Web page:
It Is What It Is

It is what it is. This is actually an expression I hate, but I’m used to it because some of my kids occasionally use it. In one sense, what I photograph is what it is.

My methods

I photograph outdoors in natural light. The subjects I shoot are “found” things. Things I encounter on my way and I shoot them as I find them. That is, I do not stages shots. I will very seldom move anything or do any “gardening” to remove distractions or competing elements.

This is the method that appeals to me. There is a kind of honesty or transparency about it that feels right.

One of the things I am indirectly pointing out in it is that most of us go through our daily life with blinders on. We tend to be oblivious to most things we encounter unless they are what we are looking for or they seem a threat.

What I want to do is take these found subjects and elevate them in a way that makes them interesting and to gently say, “see what you missed by not being mindful”.

Explore

To accomplish this, I have to be an explorer. I forage for images rather than planning them. And it requires heightened senses. I have to be outside my head and paying attention to things around me. Some may say I’m out of my head, but I will call it outside my head. I have to quiet the inner critic and be constantly scanning around me for interesting things.

It is a learned skill that I have practiced for quite a while. While I am far from perfect, I feel like I am getting better at it.

It has become a joy to me. I look forward to these explores. Most often I am just wandering in the vicinity of my studio. Familiar and well worn paths. It constantly surprises me that I can discover new and interesting things in such familiar territory. Some days it is easier than others. But more often than not I find something new or I see something differently. Even if I don’t come back with any images, I have enjoyed getting out and being in tune with what is around me.

Go out empty

One of my inspirations is Jay Maisel. I have mentioned him many times. Jay is a famous photographer living in New York City – now Brooklyn. One of the many things he is famous for is just going out rambling every day on the streets close to home.

He is so good at spotting interesting scenes that it is almost depressing. I would hate him if he weren’t so phenomenal. 🙂

Jay describes what he is doing as “going out empty”. He wants to go out as unprepared as possible so he can get filled up with what the world has to offer. The point he makes frequently is that if he has a certain thing in mind to shoot, that is a mental block. He might find that, but would probably miss everything else that’s on offer.

Through lots of practice I have determined this style works well for me, too.

Make something out of it

So I explore. I wander. I’m searching for things that catch my interest. And when I find them, I don’t rearrange them or clean them up, except maybe for a stray blade of grass or a piece of trash.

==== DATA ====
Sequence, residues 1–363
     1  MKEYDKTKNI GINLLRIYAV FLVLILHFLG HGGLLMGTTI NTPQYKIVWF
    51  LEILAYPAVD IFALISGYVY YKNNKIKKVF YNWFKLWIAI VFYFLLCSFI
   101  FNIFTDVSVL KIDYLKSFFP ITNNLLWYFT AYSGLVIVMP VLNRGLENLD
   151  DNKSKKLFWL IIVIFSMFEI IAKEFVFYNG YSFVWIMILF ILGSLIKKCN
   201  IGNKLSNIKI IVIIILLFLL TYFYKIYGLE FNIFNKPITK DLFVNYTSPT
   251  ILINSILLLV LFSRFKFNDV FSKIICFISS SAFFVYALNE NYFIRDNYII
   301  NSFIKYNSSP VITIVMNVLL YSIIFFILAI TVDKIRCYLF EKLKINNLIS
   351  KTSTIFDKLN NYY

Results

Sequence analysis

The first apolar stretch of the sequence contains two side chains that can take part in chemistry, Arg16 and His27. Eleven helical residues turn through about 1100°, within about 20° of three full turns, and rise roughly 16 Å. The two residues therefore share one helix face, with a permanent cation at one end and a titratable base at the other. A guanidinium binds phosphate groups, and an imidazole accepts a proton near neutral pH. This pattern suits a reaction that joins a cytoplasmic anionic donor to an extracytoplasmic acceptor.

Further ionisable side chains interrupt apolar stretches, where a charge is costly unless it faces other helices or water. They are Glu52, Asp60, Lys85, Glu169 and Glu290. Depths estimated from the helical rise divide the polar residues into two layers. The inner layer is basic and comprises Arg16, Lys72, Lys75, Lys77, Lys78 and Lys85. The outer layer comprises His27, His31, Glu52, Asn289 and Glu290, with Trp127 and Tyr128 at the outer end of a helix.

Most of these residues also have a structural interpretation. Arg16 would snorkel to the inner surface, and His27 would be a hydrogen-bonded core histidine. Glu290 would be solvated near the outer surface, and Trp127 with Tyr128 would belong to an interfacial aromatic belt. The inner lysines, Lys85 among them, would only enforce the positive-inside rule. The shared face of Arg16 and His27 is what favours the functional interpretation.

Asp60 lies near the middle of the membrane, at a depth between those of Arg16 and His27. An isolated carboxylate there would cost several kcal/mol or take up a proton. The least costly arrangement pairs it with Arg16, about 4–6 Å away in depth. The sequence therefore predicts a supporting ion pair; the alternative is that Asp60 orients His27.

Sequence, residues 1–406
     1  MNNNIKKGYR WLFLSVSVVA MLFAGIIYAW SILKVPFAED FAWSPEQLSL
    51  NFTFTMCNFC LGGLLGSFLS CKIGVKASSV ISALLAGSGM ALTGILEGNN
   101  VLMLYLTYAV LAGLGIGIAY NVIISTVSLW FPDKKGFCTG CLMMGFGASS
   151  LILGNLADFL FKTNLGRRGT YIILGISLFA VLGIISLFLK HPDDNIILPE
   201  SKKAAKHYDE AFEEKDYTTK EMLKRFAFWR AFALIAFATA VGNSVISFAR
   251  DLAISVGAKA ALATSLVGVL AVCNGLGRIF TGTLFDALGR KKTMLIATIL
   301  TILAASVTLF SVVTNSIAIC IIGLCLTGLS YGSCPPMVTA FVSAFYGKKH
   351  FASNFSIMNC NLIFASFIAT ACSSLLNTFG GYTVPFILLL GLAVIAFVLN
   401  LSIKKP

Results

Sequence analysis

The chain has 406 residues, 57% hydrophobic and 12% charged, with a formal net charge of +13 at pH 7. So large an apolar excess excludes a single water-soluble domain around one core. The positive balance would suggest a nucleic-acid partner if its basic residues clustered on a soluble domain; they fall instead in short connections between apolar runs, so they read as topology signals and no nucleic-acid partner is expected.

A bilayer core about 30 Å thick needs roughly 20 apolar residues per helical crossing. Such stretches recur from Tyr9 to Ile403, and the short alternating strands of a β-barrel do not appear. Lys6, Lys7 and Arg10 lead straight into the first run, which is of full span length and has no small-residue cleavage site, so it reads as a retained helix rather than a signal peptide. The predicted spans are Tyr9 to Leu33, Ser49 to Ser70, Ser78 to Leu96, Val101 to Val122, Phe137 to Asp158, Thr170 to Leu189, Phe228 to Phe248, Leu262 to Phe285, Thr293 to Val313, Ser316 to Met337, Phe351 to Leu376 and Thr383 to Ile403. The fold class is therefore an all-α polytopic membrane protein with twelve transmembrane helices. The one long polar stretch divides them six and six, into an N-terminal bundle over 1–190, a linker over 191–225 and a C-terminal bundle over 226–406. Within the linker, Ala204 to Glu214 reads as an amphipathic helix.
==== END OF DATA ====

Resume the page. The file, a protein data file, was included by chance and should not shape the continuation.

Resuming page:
Therefore, the challenge is to make something out of what is there. Position, crop, lens choice – these all factor in to making the image. Someone has said the picture is already there, we just have to crop it. There is truth to that. The excellent instructor Ben Willmore once said “What elements are adding to the image? What elements are detracting? How do I remove more of the detractions and add more of the good?” That is a good description of the game: try to remove enough of the bad and include enough of the good.

It is what it is – work with it

It is often stated that everything has been shot. What matters now is our personal treatment of it. Can we use our unique vision to see the subject in a new and interesting way?

I choose to work with things that interest me as I find them. It is what it is. How can I make it the best it can be? It can be a challenge, but the reality is there is a lot more interest in the world around us than we usually notice.

It is a joy to me when someone exclaims over one of my images and I can think – or say out loud – that is right where you go by every day and you’ve never noticed it.

A final quote from Jay Maisel: I want people to see what I see. It’s all out there. It’s a joy to look at.

Yes, it is what it is, but it can be more.

This process works for me. It fits me and there are benefits. I recommend you experiment with it. It might need several outings to become comfortable. You might discover a new world around you.

Let me know your experience!

Today’s image

OK, I didn’t find this around my studio. But thousands of people passed by this daily and I bet few if any ever glanced at the scene closely enough to take notice of it. It was clearly visible from a main highway. There seems to be a story and a lot of unanswered questions wrapped up in a single frame.

I was driving and I turned around and came back to it. I’m glad I took the time. It is a good memory for me.

The scene is gone now. But that is a topic for another day.

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